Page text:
Portrait of Kenny Holdsman ’89

Kenny Holdsman ’89 co-founded Philadelphia Youth Basketball in 2015 and is currently serving as president and CEO.

Kenny Holdsman ’89 Empowering Community Through Philadelphia Youth Basketball

The founder of Philadelphia Youth Basketball hopes to empower youth through education and basketball. The organization is focused on building critical thinking skills and a love of learning.

Story by

Stephen Gross

Photography by

Christa Neu

After graduating from Lehigh as an economics major and an urban studies and Jewish studies minor, Kenny Holdsman ’89 earned his law degree from Temple University and became a lawyer at Ballard Spahr, one of Philadelphia’s largest law firms.

But Holdsman didn’t feel emotionally connected to his work.

“I was practicing law, I was comfortable,” he says. “I just never felt a full-enough sense of purpose about my work.”

Holdsman grew up hearing firsthand about the struggles of students in the Philadelphia School District from his mother, a teacher and then-guidance counselor in the district, and had never stopped thinking about disparity, social justice and racial equity. Two first-year classes he took at Lehigh—Creative Utopia, and Insight, Outlook and Control— also had stoked his idealism and fueled his curiosity, he says.

He decided he wanted to make more of an impact in his community.

Holdsman left the law firm and joined the Philadelphia School District, building a citywide youth leadership and service learning program. He then focused on national projects with the Academy for Educational Development, now known as AED, for six-and-a-half years.

After a stop as CEO of Legacy Youth Tennis and Education, formerly Arthur Ashe Youth Tennis and Education, he co-founded Philadelphia Youth Basketball (PYB) in 2015, currently serving as president and CEO. The organization offers programs centered around basketball that also feature at least one “off-court” curriculum hour per program session. He is overseeing an expansion that includes a $58 million campus in North Philadelphia that will allow the organization to increase the number of youth it serves per year from 1,200 to nearly 6,000.

“We're really trying to help young people build critical-thinking skills and habits of mind to build personal identity, a love of learning and the ability to make positive relationships with peers and adults,” he says. “And at the core of our programming is always culturally relatable, well-trained coach mentors. That's our superpower.”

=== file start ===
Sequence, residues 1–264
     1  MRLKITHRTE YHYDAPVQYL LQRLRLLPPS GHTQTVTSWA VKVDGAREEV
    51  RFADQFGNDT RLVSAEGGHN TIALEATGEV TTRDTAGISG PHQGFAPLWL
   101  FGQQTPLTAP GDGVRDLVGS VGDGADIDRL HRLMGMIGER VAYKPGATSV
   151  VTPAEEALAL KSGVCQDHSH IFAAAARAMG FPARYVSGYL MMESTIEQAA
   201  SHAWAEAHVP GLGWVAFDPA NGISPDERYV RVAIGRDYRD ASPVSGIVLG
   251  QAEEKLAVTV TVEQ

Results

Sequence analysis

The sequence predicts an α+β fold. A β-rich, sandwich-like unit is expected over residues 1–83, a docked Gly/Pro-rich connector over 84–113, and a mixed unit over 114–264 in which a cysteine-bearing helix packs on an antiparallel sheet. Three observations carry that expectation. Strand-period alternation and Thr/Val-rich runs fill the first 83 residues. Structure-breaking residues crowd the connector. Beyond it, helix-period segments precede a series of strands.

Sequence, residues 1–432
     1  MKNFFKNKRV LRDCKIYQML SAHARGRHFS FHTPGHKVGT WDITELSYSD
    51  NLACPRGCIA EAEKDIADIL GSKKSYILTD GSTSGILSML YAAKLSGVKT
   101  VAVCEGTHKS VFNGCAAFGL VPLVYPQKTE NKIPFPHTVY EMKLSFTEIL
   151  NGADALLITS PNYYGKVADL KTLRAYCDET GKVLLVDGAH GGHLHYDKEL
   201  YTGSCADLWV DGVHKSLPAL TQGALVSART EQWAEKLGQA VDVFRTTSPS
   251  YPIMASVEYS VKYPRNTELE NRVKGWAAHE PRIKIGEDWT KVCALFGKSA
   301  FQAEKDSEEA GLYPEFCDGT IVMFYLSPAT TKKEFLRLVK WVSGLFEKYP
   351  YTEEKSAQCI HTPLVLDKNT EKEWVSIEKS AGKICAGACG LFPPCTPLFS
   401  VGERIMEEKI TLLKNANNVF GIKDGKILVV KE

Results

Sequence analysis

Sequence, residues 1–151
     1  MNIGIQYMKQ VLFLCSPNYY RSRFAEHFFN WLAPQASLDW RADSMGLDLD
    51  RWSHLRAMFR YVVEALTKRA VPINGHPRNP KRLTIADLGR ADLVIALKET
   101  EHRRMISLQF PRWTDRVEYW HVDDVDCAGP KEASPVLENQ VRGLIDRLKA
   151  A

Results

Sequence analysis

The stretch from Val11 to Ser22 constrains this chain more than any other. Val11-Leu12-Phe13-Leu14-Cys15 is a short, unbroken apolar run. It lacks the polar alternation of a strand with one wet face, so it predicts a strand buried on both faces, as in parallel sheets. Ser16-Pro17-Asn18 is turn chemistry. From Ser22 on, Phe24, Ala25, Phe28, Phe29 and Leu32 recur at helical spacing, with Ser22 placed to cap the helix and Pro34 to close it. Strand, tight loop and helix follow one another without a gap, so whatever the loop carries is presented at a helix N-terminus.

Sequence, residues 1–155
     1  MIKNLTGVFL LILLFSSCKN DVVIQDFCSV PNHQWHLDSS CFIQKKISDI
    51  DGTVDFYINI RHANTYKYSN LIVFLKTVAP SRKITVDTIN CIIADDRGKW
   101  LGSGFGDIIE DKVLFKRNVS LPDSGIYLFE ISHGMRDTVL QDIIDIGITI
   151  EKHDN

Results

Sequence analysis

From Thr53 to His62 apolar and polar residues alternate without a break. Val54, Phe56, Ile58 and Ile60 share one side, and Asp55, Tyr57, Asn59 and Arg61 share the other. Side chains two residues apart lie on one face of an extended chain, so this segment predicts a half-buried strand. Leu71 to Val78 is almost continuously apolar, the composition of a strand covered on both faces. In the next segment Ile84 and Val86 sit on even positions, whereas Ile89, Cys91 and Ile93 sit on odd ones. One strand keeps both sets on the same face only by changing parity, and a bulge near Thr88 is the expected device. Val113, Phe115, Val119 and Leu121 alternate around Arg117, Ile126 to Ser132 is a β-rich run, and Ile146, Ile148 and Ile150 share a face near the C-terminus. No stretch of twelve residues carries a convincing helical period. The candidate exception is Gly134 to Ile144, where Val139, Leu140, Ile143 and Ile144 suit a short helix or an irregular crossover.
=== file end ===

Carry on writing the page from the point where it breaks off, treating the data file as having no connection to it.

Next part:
The organization offers seven different neighborhood programs through 20 schools and four recreation centers, serving youth in grades 5 through 12. Kids enroll in either 10- or 20-week programs, which are free, and the organization accepts applicants until all available spots are filled. Summer camps typically reach capacity about a week after they’re posted online.

The curriculum components include civic dialogue, journaling, personal identity formation, nutrition and healthy meals and academic support, Holdsman says. The content is often timely and covers social topics in sports. The organization consistently uses The Players Tribune, a media platform for first-person stories from professional athletes, founded by Baseball Hall of Famer and former New York Yankee shortstop Derek Jeter, and has had the children read, write about and discuss more than 100 articles on site.

“Our students aren't lined up in neat rows with a teacher lecturing from the front,” Holdsman says.

In addition to talented staff members that attendees relate to, Holdsman says he’s proud of the deep commitment PYB has had to racial equity and Black empowerment. He notes that PYB has 26 Black-owned and 11 female-owned professional service firms contracted.

On Jan. 18, 2024, PYB plans to formally unveil its biggest project yet: The Alan Horwitz “Sixth Man” Center.

The 100,000-square-foot center, referred to as “A Center for Community Empowerment” by PYB, will contain four classrooms, seven basketball courts, a financial literacy workshop, a healthy foods cafe, strength and conditioning, a mental wellness oasis and a museum of Philadelphia basketball history and culture, among other features. Its Nicetown neighborhood location was chosen specifically for its close proximity to residential communities and public transportation, but also major roadways.

“It will be the most comprehensive and impactful and transformative physical space for young people in the entire country,” Holdsman says.

Next year, PYB is scheduled to begin phase two of the expansion about 40 feet away from The Alan Horwitz “Sixth Man” Center, which will focus on workforce development, entrepreneurship and economic opportunity. It is slated to be completed in the winter of 2026.

Read about more of Lehigh's community of Future Makers here.

Story by

Stephen Gross

Photography by

Christa Neu

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